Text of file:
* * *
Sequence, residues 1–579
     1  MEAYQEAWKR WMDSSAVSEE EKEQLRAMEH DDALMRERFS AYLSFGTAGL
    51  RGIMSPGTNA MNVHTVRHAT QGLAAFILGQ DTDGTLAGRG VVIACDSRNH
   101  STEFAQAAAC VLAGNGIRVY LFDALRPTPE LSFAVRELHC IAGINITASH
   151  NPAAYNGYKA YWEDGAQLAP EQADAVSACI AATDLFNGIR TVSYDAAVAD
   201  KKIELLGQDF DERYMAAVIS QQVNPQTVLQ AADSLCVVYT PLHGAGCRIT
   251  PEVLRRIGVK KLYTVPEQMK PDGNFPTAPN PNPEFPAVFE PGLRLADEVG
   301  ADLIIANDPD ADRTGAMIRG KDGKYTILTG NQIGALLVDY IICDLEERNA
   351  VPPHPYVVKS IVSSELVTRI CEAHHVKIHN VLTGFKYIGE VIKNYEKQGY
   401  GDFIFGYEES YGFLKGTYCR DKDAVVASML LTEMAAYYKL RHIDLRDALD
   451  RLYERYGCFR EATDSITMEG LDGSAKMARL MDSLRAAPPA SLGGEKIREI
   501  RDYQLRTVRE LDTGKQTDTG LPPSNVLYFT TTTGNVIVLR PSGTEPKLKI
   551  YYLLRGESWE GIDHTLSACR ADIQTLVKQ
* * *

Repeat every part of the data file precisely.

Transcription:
Sequence, residues 1–579
     1  MEAYQEAWKR WMDSSAVSEE EKEQLRAMEH DDALMRERFS AYLSFGTAGL
    51  RGIMSPGTNA MNVHTVRHAT QGLAAFILGQ DTDGTLAGRG VVIACDSRNH
   101  STEFAQAAAC VLAGNGIRVY LFDALRPTPE LSFAVRELHC IAGINITASH
   151  NPAAYNGYKA YWEDGAQLAP EQADAVSACI AATDLFNGIR TVSYDAAVAD
   201  KKIELLGQDF DERYMAAVIS QQVNPQTVLQ AADSLCVVYT PLHGAGCRIT
   251  PEVLRRIGVK KLYTVPEQMK PDGNFPTAPN PNPEFPAVFE PGLRLADEVG
   301  ADLIIANDPD ADRTGAMIRG KDGKYTILTG NQIGALLVDY IICDLEERNA
   351  VPPHPYVVKS IVSSELVTRI CEAHHVKIHN VLTGFKYIGE VIKNYEKQGY
   401  GDFIFGYEES YGFLKGTYCR DKDAVVASML LTEMAAYYKL RHIDLRDALD
   451  RLYERYGCFR EATDSITMEG LDGSAKMARL MDSLRAAPPA SLGGEKIREI
   501  RDYQLRTVRE LDTGKQTDTG LPPSNVLYFT TTTGNVIVLR PSGTEPKLKI
   551  YYLLRGESWE GIDHTLSACR ADIQTLVKQ